The Influence Of Female Entrepreneurs On Business – There is a new vision of enterprise that can be found in women’s culture. “Women’s household duties,” says Elisabeth Fenez, French expert for the European Commission for Economic Studies (ECES), “including child-rearing and the financial practical side of housekeeping, have taught them to use their initiative under what are often difficult circumstances, in other words, to be enterprising and innovative.”
The history of women’s social role has always been full of constraints, but it could now be translated into opportunities—which is precisely what many women are doing.
The ECES and OECD studied women’s approach to enterprise creation by looking at the experiences of women who have started new firms with the help of various government–private partnership programs that were designed to stimulate new business opportunities for women.
Whether the study takes place in the developed world or in India, Brazil, or China, the same questions always seem to come forward: What drives women to become entrepreneurs? Where do they find energy? How does their idea emerge and how do they go about implementing it?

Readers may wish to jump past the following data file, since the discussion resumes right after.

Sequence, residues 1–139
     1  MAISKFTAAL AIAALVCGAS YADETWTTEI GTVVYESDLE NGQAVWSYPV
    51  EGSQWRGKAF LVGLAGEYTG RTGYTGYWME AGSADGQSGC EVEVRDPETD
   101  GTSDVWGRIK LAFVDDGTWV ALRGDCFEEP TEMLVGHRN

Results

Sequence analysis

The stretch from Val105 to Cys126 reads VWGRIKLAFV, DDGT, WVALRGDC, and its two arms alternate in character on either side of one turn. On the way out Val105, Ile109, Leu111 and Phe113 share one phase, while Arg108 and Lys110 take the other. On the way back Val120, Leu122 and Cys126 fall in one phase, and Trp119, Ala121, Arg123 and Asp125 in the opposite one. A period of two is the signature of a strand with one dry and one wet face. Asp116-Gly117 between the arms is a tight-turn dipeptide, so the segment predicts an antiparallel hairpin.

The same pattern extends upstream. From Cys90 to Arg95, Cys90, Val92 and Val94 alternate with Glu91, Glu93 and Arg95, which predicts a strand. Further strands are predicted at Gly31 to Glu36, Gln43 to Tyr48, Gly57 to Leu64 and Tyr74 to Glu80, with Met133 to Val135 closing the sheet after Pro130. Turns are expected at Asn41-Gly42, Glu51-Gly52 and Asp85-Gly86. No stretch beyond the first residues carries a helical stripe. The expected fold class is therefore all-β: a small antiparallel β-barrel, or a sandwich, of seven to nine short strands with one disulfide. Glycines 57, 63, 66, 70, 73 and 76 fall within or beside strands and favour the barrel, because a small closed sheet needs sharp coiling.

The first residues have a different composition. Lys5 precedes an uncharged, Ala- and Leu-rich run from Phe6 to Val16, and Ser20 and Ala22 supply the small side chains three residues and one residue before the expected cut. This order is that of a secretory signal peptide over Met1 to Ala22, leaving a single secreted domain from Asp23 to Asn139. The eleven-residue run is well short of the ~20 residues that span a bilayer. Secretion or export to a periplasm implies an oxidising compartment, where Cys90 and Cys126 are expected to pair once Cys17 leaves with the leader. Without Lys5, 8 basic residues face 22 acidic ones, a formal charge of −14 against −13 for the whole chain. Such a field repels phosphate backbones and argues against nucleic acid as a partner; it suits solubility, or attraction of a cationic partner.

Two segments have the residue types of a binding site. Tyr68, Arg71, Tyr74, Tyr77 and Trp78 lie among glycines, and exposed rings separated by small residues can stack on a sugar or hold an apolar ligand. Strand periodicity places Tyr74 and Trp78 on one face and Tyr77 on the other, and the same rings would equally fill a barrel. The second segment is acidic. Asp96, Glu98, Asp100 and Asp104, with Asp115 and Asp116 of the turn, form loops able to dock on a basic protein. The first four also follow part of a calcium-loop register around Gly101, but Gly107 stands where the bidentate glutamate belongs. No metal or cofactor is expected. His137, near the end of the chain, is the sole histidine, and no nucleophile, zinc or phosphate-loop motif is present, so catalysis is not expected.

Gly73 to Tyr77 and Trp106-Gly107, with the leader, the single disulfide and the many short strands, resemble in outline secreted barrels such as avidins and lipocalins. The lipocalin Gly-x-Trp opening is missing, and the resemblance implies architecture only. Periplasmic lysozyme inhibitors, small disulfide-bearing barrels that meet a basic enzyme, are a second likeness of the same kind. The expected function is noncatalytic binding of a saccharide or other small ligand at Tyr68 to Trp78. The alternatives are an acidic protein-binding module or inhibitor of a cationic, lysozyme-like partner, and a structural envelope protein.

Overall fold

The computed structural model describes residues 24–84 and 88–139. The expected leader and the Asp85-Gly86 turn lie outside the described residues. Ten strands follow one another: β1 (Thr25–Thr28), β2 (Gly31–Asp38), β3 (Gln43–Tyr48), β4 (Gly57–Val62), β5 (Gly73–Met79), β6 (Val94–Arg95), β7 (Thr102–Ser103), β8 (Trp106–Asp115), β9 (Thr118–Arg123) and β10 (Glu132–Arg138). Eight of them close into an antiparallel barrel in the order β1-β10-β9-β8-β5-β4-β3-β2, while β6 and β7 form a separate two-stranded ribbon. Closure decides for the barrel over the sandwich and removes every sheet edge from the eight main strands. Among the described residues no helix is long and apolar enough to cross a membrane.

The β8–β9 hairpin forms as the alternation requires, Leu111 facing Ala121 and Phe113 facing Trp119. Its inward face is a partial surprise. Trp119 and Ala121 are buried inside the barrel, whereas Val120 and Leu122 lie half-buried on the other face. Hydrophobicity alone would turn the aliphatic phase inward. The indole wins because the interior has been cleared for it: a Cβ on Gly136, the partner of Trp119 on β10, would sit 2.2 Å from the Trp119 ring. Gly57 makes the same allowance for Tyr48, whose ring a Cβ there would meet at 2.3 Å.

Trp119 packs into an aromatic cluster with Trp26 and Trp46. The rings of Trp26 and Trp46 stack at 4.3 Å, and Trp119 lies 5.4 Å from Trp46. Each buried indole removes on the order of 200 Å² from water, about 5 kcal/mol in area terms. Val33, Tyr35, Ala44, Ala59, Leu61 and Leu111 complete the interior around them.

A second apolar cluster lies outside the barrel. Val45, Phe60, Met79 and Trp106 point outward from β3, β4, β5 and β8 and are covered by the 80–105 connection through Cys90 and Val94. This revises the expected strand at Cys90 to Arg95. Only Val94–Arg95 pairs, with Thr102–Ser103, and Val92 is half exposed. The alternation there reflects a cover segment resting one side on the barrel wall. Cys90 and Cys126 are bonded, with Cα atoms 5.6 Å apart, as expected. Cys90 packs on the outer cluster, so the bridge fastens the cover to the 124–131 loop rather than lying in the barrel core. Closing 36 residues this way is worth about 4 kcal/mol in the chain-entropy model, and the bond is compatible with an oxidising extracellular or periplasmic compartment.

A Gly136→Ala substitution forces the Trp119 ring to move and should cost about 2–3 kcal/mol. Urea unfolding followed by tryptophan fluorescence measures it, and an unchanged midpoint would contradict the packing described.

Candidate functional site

The Influence Of Female Entrepreneurs On Business
Almost universally, the women surveyed mention the need to play an active role, to participate, which is to say exist in their own right, and to achieve recognition.
They want to gain more independence. Besides its economic and income-generating role, business ownership contributes to a person’s equilibrium and sense of fulfillment. This motivation is a powerful one, releasing as it does energy, inventiveness, and will to succeed.
Personal circumstances are often the driving force behind a business. These circumstances are invariably employment-related.Women need money but they cannot find paid work, so after a long period of unsuccessful job hunting, they decide to create their own firms. But when they think about what their firms could do, they also show their own special vision of business.
Christina Vasconcelos, 37, is one such woman. Living in Lisbon, Portugal, she felt that children in her city were growing up trapped in an exclusively urban environment. That’s why she and a friend, unbeknownst to their husbands, borrowed 5,000 cruzeros (about U.S. $5,000) against their credit cards to set up “Terra-a-Terra” (“Land to Land”), a firm providing countryside holidays for children so that they could become more familiar with the rural environment and its lifestyle.
She notes: “Innovation is born out of necessity. When an idea meets a large-scale demand, innovation can become a profitable business opportunity.”
In other cases, the driving force is not job hunting, but some form of discontent with the situation at the workplace: examples can be low pay or the lack of career prospects in firms that prefer to promote men. That is the story of Fotini Papadopoulou and Penelope Konstandoudi.